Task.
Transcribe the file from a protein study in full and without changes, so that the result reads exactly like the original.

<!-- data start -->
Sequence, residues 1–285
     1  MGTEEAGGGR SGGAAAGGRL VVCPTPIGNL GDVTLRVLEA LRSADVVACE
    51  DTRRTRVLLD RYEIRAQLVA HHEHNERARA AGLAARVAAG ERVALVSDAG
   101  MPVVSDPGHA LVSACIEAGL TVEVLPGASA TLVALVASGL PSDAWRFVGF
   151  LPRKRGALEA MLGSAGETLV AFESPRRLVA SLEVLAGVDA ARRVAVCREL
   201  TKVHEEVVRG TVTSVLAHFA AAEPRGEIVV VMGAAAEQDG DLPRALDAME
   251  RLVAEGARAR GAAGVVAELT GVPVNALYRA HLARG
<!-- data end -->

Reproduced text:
Sequence, residues 1–285
     1  MGTEEAGGGR SGGAAAGGRL VVCPTPIGNL GDVTLRVLEA LRSADVVACE
    51  DTRRTRVLLD RYEIRAQLVA HHEHNERARA AGLAARVAAG ERVALVSDAG
   101  MPVVSDPGHA LVSACIEAGL TVEVLPGASA TLVALVASGL PSDAWRFVGF
   151  LPRKRGALEA MLGSAGETLV AFESPRRLVA SLEVLAGVDA ARRVAVCREL
   201  TKVHEEVVRG TVTSVLAHFA AAEPRGEIVV VMGAAAEQDG DLPRALDAME
   251  RLVAEGARAR GAAGVVAELT GVPVNALYRA HLARG